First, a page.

Malaria is spread by the plasmodium parasite passed to humans from the bite of an anopheles mosquito. Malaria is a serious illness with symptoms include fever, chills, sweats and flu like symptoms. In severe cases, malaria can be fatal. There isn’t currently a vaccine available for our travellers, although there are other ways to protect yourself.
Malaria is found in the tropics and subtropics, in equatorial areas. The highest risk areas is Sub Saharan Africa, and the Amazon Jungle of South America, The malaria spreading mosquito bites between dusk and dawn.
Worryingly, in many places the insects are fast becoming immune to anti-malaria preparations. Scientists across the world are doing their best to dream up innovative new ways to halt the disease, including making key changes to the creatures’ DNA and even releasing millions of infertile male mosquitoes into the wild.
Global warming means malaria-carrying insects are spreading into cooler regions, so protection is more important than ever. But there’s some hope that a good malaria vaccine is finally on the cards, with exciting new developments announced in late April 2015.
If you travelling long or short term to a region where malaria is common you need to protect yourself. Here’s everything you need to know about malaria.
The symptoms tend to start 7 – 18 days after you’ve been bitten. But in some cases it can take a year. The initial symptoms are flu-like: a high temperature, headache, sweats and chills, sickness. But because they’re often mild, diagnosis can be tricky. Some versions of the disease involve four to eight hour fever cycles, where you keep going from hot to cold and back again. Common malaria symptoms include:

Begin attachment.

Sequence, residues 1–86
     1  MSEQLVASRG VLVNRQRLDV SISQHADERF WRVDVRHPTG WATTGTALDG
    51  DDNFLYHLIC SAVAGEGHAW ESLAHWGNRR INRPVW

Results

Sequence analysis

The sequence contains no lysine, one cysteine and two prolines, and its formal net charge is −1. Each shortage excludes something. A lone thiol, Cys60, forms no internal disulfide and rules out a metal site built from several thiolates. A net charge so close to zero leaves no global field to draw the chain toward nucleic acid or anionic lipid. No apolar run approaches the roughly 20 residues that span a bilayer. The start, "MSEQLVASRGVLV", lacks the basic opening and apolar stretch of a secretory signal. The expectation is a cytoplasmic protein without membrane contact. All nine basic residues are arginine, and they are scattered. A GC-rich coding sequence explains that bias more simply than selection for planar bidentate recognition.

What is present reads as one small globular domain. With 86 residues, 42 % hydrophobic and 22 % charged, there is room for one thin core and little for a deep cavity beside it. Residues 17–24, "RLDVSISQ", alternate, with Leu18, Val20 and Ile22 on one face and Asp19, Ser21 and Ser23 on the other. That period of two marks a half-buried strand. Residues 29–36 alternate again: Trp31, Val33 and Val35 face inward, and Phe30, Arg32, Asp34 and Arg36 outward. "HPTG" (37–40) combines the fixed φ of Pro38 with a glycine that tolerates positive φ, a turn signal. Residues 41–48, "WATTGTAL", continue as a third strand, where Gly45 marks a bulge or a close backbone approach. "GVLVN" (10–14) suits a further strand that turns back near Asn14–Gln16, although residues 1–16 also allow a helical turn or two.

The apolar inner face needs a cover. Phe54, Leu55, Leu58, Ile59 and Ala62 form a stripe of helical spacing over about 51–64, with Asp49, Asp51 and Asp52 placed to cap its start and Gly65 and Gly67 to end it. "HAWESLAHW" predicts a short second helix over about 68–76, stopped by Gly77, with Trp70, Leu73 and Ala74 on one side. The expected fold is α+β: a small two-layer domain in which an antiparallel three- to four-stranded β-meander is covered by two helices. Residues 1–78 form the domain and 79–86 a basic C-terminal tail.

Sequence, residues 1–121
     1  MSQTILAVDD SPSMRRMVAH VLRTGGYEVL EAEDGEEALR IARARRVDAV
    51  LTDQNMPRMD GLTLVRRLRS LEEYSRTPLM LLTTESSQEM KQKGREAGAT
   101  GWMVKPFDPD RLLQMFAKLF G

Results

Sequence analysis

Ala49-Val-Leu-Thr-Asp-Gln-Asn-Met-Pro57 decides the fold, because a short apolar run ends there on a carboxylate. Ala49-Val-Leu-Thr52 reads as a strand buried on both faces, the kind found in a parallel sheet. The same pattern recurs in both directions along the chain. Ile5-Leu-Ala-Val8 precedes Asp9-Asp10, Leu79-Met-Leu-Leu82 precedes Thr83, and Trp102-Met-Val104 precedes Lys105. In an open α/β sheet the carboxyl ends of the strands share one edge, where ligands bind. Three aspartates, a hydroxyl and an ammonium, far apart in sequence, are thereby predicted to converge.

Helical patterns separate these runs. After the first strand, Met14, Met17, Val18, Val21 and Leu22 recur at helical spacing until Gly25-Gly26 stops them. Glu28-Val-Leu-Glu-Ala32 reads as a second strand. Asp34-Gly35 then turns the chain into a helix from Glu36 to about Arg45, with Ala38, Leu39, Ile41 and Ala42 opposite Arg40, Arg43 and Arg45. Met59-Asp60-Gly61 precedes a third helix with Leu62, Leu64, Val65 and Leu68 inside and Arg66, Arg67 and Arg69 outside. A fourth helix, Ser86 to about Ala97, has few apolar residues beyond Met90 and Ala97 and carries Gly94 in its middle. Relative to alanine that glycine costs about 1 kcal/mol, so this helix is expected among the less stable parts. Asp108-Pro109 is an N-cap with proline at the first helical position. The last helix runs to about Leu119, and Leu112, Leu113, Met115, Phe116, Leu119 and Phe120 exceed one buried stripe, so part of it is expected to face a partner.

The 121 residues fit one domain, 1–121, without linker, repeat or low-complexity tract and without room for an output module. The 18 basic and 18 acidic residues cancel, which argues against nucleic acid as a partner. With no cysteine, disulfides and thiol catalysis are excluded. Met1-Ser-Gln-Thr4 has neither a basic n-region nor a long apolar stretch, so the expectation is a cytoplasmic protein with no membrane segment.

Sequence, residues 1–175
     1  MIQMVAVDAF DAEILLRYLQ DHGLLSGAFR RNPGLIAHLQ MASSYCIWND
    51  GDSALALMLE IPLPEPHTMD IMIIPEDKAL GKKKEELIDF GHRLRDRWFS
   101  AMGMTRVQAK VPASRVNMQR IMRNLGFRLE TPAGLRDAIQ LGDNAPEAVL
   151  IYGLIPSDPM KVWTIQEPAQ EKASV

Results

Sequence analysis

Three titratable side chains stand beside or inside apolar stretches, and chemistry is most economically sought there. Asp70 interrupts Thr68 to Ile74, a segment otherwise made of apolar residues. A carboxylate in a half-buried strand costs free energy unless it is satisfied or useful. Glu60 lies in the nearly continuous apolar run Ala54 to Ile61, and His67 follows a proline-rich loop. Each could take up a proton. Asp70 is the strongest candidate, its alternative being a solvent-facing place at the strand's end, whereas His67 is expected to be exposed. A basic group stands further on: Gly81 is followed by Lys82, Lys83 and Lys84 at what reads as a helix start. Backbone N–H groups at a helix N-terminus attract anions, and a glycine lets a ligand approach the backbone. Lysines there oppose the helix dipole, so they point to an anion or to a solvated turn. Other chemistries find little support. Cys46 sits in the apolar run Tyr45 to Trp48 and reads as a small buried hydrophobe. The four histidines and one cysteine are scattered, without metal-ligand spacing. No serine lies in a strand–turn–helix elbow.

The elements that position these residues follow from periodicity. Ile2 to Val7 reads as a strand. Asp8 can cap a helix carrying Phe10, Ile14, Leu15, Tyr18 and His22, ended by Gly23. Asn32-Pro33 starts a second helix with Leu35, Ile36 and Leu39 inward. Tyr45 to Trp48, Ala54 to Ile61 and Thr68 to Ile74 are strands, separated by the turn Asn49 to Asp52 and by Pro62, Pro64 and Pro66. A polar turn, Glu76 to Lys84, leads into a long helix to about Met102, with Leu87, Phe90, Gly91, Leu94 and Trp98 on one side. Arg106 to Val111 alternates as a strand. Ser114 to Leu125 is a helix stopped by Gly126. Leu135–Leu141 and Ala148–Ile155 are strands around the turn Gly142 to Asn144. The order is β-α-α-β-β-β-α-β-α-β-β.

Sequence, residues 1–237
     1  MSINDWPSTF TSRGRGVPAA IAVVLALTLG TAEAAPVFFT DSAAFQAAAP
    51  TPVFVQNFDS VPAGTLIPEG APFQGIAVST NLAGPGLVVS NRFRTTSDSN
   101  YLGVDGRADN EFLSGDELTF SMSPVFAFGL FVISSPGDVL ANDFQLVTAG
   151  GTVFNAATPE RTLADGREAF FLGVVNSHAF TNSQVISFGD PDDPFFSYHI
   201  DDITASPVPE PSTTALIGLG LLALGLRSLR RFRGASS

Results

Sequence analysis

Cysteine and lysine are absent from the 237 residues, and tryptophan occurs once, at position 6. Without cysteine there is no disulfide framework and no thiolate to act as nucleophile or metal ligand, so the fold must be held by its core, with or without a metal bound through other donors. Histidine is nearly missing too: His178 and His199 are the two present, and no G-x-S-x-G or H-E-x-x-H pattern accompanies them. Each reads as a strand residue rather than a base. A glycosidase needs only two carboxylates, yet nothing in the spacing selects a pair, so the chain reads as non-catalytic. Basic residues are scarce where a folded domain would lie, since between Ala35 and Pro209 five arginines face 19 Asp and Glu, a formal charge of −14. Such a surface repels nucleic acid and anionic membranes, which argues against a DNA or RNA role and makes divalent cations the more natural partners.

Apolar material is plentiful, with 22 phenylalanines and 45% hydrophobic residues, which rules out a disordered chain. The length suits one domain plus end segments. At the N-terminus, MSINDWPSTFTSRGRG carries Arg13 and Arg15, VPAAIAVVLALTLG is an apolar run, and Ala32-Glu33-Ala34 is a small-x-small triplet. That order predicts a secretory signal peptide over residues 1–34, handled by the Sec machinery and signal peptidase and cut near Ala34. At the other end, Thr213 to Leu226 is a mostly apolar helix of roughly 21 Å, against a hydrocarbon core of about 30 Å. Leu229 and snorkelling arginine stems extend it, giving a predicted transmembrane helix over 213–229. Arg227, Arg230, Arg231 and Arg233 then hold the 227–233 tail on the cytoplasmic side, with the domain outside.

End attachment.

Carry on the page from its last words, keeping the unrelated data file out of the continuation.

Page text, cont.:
- Muscle pains
If you’re travelling to a place with a risk of the illness, malaria medication is one way to avoid it. You can minimise your exposure to infected mosquitoes using a number of different methods including mosquito repellents and ointments, treated mosquito nets, appropriate clothing, mosquito coils and by using appropriate insecticides at night time.
Your primary job is to avoid being bitten by a mosquito. Here’s some sensible advice about staying safe in at-risk regions.
- Sleep in a room with special screens
- Keep the windows and / or shutters closed
- Use a large mosquito net which covers your bed completely
- Make sure your net stays in good repair
- Use insecticide indoors at dusk to kill any insects that have sneaked in during the day
- If you sleep outdoors or in a room without screens, use an impregnated net
- Burn a mosquito coil while you sleep
- Stay indoors after sunset
- If you go out, cover exposed skin completely and use an insect repellent on any exposed skin. Diethyltoluamide (also known as DEET) works well, but it’s best to check first because different products tend to work better in some areas than others, since the insects eventually become immune
Speak to one of our expert travel nurses at least six to eight weeks before you travel. There are several options to help keep you safe from malaria and your travel nurse will advise you which option is most suitable, based on your travel itinerary, length of stay and a current health assessment.
We recommend antimalarial medication for all travellers to high risk countries. Most antimalarial medications are safe for everyone including pregnant women.
There isn’t a vaccine, so you need to protect yourself against being bitten for the entire time you’re in an at-risk area.
We’re perfectly placed to advise you about which anti-malarial preparations will suit you and your destination best. Feel free to arrange a visit.
Our London Travel Clinics
All 3 of our centrally located travel clinics are convenient for people living and working in London. Liverpool Street, London Bridge and High St Kensington. We are open early morning, lunchtime, evening and weekends and provide all of the vaccinations and medications that you need.